Remediating Mold: A Clip-Out Checklist for Building Professionals
Click here to read more articles about Rehab
A version of this article appears in the July/August 2002
issue of Home Energy Magazine.
July 01, 2002
Diagnosing and remedying mold and moisture problems requires good detective skills, proper safety precautions, and a working knowledge of the best practices for mold cleanup and building rehabilitation. Before you address any extensive mold problem, it’s important to get qualified training and to understand all the factors that may lead to moisture damage. This checklist highlights some of the basics of mold remediation. Key Causes of Mold and Moisture Problems Plumbing leaks Roof leaks, often caused by ice dams Damp basements and crawlspaces Inadequate or blocked gutters and spouting Gaps in window and door flashing Poorly designed or constructed walls (for example, wrong placement of vapor barriers, poor insulation, no drainage planes, air channels) Other flaws in rain management systems Failure to use, or inadequate, kitchen and bathroom vents Unvented, or blocked vents, for heaters and other combustion appliances Leaky or uninsulated ducts Excessive use of humidifiers Investigating a Suspected Mold Problem Wear a mask (HEPA filter if you suspect there’s a major problem) and goggles. Put on gloves and protective clothing, if necessary. Interview the residents about any health problems and leaks. Assess the extent of the contamination and ...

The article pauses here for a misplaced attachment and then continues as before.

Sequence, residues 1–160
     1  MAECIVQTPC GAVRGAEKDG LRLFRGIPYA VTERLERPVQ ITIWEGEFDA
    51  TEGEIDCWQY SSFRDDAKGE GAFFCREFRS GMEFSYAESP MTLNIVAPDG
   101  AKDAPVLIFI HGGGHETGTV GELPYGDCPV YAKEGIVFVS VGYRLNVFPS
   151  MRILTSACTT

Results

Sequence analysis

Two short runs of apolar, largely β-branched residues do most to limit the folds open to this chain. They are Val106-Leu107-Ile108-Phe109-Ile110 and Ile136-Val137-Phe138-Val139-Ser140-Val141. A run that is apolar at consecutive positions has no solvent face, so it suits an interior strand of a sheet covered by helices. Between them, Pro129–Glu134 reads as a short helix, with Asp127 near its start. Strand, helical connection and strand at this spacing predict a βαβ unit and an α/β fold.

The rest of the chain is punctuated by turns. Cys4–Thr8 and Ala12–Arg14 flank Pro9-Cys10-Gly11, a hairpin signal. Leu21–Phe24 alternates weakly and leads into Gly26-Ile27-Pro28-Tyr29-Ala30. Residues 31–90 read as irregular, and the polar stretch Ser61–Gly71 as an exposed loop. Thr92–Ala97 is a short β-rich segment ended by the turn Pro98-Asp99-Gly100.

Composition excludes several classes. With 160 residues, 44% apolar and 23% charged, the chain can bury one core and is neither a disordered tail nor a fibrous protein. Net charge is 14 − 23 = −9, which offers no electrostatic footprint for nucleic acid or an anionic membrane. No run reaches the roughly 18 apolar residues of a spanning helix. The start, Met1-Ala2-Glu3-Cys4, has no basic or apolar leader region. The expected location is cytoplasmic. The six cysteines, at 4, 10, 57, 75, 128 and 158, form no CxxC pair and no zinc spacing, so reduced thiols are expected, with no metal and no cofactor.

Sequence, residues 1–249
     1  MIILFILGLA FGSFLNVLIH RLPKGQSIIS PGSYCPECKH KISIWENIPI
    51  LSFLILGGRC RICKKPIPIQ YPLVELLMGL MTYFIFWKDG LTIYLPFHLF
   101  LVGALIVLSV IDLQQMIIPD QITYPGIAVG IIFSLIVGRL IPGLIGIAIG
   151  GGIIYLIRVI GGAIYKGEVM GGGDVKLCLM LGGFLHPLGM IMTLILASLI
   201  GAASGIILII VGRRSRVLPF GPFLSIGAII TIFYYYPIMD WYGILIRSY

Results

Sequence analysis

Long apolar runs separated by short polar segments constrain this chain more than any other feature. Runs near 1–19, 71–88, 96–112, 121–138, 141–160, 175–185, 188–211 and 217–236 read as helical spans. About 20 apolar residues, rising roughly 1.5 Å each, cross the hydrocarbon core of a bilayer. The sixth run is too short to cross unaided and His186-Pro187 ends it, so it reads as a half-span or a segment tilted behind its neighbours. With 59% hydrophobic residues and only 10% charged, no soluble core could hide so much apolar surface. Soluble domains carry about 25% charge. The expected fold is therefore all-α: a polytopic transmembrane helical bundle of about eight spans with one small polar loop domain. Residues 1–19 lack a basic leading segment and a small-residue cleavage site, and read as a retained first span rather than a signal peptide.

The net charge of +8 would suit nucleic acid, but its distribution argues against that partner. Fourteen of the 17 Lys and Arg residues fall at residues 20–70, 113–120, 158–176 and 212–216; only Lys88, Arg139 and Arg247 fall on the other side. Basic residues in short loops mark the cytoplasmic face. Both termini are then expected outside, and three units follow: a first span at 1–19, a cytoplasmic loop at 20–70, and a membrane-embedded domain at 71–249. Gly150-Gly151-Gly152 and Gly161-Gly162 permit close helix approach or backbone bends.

To read complete online articles, you need to sign up for an Online Subscription.
Once an order has been placed there is an automatic $10 processing fee that will be deducted with any cancellation.
The Home Energy Online articles are for personal use only and may not be printed for distribution. For permission to reprint, please send an e-mail to email@example.com.